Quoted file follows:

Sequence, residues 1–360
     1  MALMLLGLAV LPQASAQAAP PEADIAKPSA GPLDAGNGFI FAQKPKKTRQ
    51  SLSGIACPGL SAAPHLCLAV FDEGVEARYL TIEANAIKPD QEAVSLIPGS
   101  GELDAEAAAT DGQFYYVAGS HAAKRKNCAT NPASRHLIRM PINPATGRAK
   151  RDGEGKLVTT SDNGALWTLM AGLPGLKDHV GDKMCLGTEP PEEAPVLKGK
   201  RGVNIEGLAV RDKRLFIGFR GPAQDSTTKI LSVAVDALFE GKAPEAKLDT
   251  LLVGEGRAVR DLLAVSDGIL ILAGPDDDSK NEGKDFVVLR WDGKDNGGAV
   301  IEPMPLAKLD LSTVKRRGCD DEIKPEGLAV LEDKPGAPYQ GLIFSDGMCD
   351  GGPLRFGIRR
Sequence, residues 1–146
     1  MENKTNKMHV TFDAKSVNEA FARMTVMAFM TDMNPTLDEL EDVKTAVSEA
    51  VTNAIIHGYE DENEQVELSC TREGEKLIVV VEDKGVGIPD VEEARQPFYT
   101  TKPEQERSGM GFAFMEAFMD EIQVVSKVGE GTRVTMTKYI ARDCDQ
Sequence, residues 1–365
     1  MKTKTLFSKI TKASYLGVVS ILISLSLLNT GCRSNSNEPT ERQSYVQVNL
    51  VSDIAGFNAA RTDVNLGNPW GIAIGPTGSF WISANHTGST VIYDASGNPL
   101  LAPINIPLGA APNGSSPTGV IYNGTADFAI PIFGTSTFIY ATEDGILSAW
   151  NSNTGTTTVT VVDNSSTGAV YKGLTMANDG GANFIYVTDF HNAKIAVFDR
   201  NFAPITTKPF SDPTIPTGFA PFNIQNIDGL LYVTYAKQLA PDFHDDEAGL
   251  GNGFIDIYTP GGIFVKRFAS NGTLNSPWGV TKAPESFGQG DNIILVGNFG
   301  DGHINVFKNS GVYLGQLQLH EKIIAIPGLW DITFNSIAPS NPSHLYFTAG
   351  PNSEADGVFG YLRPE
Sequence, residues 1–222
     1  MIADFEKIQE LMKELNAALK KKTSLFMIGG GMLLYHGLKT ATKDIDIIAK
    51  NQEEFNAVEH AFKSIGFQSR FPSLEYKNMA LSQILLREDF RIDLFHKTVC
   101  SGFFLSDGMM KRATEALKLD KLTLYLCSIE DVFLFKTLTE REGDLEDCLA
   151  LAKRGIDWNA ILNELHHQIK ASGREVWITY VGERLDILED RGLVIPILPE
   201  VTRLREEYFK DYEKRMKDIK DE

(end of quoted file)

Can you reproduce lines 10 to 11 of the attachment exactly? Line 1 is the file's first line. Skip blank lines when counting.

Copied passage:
Sequence, residues 1–146
     1  MENKTNKMHV TFDAKSVNEA FARMTVMAFM TDMNPTLDEL EDVKTAVSEA